Why can ammonia act as a base?

1 Answer
Mar 26, 2017

Answer:

Because the nitrogen can be quaternized.

Explanation:

We represent the acid-base behaviour of ammonia in water by the following rxn:

#H_2O(l) + :NH_3(aq) rarr ""^+NH_4 + ""^(-)OH#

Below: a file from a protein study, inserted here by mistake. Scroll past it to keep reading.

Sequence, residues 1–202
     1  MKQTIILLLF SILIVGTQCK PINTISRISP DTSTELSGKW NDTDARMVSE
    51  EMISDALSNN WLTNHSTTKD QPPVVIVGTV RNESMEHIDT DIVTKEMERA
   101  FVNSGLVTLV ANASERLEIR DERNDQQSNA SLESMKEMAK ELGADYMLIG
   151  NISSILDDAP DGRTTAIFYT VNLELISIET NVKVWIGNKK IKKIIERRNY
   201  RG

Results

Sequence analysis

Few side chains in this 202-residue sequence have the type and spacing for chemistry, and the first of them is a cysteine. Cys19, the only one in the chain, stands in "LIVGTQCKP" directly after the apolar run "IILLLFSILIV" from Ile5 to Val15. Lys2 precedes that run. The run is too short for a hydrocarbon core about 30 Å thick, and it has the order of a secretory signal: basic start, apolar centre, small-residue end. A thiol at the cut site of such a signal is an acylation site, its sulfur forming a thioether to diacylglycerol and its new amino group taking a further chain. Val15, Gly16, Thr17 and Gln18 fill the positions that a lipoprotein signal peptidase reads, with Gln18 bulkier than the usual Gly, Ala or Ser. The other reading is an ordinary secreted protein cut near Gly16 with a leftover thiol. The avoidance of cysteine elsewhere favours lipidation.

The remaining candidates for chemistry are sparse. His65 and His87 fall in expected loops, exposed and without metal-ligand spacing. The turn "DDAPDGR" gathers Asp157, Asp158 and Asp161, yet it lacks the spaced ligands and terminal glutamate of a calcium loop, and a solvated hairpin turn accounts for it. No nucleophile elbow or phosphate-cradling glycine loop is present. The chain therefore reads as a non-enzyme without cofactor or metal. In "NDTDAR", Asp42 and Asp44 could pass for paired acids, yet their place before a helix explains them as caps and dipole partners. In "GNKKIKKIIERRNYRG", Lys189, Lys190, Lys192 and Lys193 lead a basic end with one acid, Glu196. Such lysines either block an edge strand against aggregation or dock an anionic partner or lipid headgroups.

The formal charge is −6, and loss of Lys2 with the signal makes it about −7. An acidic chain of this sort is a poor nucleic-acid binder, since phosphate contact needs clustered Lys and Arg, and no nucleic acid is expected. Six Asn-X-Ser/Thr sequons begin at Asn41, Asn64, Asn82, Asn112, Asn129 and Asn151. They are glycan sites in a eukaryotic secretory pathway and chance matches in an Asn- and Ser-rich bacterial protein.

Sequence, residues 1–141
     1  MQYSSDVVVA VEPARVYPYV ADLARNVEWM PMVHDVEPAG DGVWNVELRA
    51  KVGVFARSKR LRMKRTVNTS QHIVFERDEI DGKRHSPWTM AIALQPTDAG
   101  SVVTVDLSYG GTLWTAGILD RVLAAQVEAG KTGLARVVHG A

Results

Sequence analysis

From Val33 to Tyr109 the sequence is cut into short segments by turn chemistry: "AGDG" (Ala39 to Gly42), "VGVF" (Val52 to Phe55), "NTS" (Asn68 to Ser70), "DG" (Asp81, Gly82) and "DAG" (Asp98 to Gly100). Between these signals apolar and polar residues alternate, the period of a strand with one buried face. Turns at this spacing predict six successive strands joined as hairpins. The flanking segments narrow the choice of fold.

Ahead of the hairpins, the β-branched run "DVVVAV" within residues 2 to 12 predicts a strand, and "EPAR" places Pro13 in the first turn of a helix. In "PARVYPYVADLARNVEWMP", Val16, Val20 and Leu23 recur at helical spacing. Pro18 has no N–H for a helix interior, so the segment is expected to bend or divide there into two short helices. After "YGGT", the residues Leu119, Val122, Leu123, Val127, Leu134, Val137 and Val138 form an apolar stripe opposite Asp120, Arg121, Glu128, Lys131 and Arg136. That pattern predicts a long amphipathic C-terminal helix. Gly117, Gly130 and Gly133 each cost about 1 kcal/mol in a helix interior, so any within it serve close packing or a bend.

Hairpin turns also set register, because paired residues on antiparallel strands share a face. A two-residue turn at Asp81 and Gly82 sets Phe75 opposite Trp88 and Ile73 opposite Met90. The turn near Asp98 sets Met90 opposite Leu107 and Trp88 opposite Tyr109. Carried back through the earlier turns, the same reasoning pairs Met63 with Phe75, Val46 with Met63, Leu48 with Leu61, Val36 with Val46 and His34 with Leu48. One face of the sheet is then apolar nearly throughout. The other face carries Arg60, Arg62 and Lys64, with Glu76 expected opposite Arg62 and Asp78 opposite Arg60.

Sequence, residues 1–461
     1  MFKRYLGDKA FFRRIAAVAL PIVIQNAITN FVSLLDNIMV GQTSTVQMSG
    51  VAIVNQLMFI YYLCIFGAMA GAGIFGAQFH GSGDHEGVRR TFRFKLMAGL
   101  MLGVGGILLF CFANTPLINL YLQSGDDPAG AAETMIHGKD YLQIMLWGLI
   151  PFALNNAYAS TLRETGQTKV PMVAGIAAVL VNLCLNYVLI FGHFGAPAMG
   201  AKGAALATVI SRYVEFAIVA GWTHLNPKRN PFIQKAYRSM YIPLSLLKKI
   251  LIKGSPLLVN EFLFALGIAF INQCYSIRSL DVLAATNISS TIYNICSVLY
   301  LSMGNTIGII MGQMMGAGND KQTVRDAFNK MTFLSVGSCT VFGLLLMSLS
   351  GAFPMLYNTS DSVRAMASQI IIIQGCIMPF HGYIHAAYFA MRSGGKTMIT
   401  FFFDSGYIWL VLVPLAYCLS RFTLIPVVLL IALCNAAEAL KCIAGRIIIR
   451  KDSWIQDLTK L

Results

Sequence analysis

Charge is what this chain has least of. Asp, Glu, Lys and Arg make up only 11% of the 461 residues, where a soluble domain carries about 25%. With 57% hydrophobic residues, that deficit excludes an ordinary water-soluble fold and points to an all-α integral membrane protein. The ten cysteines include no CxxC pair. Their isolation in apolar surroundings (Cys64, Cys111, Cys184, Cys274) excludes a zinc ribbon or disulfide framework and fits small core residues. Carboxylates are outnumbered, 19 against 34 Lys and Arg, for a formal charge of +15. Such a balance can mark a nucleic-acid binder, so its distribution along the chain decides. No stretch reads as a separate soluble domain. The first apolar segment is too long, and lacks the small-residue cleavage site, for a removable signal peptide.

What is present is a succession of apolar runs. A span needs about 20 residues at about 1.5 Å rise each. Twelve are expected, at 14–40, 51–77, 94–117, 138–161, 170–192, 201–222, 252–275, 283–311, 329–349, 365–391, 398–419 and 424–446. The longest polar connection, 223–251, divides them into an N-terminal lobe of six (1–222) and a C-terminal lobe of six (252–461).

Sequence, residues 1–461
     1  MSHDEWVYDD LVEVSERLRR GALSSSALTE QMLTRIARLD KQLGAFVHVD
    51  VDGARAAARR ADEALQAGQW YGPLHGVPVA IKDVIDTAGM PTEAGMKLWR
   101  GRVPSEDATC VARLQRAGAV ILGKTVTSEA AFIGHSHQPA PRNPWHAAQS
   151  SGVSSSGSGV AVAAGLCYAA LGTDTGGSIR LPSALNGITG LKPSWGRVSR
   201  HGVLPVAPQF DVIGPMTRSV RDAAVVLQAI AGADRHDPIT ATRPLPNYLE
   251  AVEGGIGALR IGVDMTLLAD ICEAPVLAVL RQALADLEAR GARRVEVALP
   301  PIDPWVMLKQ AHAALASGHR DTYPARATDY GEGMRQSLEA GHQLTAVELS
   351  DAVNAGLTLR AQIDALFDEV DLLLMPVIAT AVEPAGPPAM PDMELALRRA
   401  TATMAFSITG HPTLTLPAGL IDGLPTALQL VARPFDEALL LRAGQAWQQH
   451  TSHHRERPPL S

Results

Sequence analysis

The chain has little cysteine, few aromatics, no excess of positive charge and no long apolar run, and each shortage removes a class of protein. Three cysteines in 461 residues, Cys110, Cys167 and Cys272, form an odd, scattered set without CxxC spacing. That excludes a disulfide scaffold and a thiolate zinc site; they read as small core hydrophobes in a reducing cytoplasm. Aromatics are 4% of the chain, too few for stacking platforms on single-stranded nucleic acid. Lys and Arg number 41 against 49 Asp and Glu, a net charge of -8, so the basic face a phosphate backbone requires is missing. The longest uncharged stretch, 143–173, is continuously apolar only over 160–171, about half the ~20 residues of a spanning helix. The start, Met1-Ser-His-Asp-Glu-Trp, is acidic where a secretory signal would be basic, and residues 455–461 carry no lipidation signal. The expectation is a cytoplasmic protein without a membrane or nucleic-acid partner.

In #"ammonium"# one of the #N-H# bonds is donative, or coordinate covalent. Of course, by symmetry, all of the #N-H# bonds are equivalent. The coordinate covalency of the 4th #N-H# is a convenient little fiction.

The nitrogen in ammonium is now coordinatively saturated, and can no longer expand its valence shell.